Switzerland and France had very low levels of vegetable oil consumption in 1961.  Vegetable oil consumption in Switzerland never rose to even the baseline level seen in the US in 1961, then declined after 1980 to a fraction of US consumption.  The Swiss were the leanest in 1990.  The French level of veg oil consumption first passed US 1961 levels in 1985.  French levels of obesity then roughly doubled between 1985 and 2005.


All of this happened in the context of the Swiss disappearing the most calories.  So is it the calories or the PUFA?

I argued in my last article that starch eating cultures have very saturated body fat and therefore high metabolic rates.  The data from France and Switzerland suggest that the same is true of cultures which combine saturated fat (butter, cheese, sausage)  and starch.  Once PUFA is added to the mix, obesity ensues over the next decades.

24 thoughts on “The French Obesity Paradox”

  1. More evidence of this is that practically every developed country has been eating a stagnant number of calories for the past couple of decades (roughly since the appearance of artificial sweeteners), and yet metabolic syndrome (The proximate cause of the obesity epidemic. Obesity is a symptom that can result from many different things, but the modern *rise* in it is mainly a function of a rise in metabolic syndrome. Some pops, especially East Asians, are resistant to obesity but still get metabolically deranged in other ways. Other symptoms of metabolic syndrome include diabetes and NAFLD) has been rising in pretty much all of them. From the US:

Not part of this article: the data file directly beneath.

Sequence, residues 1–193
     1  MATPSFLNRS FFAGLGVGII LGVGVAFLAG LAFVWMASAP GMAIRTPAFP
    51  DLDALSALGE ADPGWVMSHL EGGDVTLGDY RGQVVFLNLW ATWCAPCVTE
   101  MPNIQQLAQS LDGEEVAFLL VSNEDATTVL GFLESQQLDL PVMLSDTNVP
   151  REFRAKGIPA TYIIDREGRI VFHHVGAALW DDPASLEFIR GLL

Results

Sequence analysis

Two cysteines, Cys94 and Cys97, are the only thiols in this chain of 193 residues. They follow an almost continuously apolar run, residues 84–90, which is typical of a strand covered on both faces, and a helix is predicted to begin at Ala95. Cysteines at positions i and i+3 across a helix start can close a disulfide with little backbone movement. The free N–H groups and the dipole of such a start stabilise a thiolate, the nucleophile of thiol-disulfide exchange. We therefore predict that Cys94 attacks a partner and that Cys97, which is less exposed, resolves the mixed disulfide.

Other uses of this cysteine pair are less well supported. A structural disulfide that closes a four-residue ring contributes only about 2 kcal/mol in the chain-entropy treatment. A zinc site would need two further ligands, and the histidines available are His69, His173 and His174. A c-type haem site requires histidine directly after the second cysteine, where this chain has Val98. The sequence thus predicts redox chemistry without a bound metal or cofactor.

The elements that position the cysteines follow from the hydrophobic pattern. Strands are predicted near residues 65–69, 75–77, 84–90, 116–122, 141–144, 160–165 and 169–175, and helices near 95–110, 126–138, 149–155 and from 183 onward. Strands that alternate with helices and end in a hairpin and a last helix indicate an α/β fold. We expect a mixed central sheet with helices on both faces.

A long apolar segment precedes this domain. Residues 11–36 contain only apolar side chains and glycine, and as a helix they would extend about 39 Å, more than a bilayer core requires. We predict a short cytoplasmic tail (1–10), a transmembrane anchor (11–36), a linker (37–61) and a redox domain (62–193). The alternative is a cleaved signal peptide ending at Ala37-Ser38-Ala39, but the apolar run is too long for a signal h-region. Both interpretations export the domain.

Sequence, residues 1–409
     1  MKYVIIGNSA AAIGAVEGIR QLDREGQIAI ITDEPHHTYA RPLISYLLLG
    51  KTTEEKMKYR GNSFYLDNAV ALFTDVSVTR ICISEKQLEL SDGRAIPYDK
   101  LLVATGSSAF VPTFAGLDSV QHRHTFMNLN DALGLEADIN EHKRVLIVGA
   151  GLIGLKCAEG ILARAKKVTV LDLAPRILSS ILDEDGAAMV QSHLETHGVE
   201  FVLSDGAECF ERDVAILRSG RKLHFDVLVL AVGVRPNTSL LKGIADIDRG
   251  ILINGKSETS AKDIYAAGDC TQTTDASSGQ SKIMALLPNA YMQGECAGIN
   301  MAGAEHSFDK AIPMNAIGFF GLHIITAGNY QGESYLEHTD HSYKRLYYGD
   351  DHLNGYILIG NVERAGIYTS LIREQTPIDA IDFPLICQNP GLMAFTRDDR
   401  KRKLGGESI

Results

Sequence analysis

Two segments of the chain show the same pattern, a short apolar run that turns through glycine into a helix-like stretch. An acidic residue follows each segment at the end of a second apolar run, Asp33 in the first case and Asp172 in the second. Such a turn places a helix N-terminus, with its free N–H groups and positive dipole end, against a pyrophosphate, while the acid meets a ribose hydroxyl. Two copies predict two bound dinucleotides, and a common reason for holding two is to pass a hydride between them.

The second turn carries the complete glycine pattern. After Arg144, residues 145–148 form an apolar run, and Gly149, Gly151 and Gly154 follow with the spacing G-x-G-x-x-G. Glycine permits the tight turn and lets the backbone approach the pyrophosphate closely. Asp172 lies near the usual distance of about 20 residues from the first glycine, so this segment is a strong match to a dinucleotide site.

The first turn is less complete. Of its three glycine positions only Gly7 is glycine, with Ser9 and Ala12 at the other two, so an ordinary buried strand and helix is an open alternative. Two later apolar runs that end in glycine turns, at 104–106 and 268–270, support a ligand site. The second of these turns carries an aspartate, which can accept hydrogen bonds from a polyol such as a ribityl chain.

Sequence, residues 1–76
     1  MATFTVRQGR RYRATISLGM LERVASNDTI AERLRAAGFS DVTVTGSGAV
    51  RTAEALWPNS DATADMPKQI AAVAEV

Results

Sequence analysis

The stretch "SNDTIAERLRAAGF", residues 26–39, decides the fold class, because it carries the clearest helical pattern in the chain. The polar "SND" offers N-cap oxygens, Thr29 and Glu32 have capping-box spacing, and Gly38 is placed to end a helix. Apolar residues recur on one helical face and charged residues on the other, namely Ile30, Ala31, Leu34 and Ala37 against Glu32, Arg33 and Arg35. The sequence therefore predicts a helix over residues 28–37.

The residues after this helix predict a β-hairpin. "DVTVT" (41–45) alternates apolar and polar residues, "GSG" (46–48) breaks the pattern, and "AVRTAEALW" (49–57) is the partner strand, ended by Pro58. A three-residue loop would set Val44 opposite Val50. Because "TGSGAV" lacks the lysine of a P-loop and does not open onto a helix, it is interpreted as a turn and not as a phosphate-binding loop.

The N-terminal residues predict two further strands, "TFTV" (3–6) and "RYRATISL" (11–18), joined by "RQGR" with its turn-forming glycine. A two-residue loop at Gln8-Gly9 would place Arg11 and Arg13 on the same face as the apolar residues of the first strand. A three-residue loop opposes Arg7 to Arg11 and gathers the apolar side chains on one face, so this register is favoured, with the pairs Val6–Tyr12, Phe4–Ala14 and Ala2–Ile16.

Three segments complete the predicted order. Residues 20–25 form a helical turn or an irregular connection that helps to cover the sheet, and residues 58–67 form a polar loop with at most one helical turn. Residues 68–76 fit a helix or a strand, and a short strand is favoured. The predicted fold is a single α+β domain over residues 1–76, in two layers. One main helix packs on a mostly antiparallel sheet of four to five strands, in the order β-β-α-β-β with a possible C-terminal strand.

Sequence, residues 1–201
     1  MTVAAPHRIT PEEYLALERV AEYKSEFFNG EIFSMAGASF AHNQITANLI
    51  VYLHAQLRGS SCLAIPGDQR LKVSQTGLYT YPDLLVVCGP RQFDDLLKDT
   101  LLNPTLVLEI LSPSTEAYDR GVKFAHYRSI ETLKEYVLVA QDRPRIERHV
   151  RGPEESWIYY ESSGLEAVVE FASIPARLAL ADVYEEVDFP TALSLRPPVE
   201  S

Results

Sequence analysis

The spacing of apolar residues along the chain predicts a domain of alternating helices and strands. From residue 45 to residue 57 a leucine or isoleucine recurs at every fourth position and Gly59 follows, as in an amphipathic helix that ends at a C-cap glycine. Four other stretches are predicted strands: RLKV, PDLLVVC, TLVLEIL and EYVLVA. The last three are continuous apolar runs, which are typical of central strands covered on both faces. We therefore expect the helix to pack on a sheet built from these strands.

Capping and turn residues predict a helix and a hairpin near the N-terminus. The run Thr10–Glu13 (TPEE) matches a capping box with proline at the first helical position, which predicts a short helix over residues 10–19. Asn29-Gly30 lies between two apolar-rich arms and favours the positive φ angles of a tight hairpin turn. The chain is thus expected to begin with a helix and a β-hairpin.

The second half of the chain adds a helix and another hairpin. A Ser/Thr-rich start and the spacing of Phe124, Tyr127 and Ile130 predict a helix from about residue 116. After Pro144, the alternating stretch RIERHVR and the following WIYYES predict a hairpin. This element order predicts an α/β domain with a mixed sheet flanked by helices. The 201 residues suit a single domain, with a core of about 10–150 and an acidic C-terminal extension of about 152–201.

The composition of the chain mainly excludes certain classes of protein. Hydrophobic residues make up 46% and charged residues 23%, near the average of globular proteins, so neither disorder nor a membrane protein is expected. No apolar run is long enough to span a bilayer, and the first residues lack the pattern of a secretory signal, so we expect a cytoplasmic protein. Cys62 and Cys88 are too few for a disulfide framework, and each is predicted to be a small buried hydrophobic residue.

And from similar data from Our World in Data from a bunch of other countries:

    Notably, Japan and Israel have actually seen significant *decreases* in caloric supply. So we have monotonic increases in metabolic syndrome (measured by obesity, diabetes, NAFLD) in the 21st century, but no increases in calories in many wealthy countries. IMO, this destroys any theory of the obesity epidemic that relies on overeating calories as part of the causal chain, including protein leverage and hyperpalatibility. Any model that goes X => Overeating => Metabolic syndrome is wrong, because overeating hasn’t increased for decades in most rich countries, but metabolic syndrome has.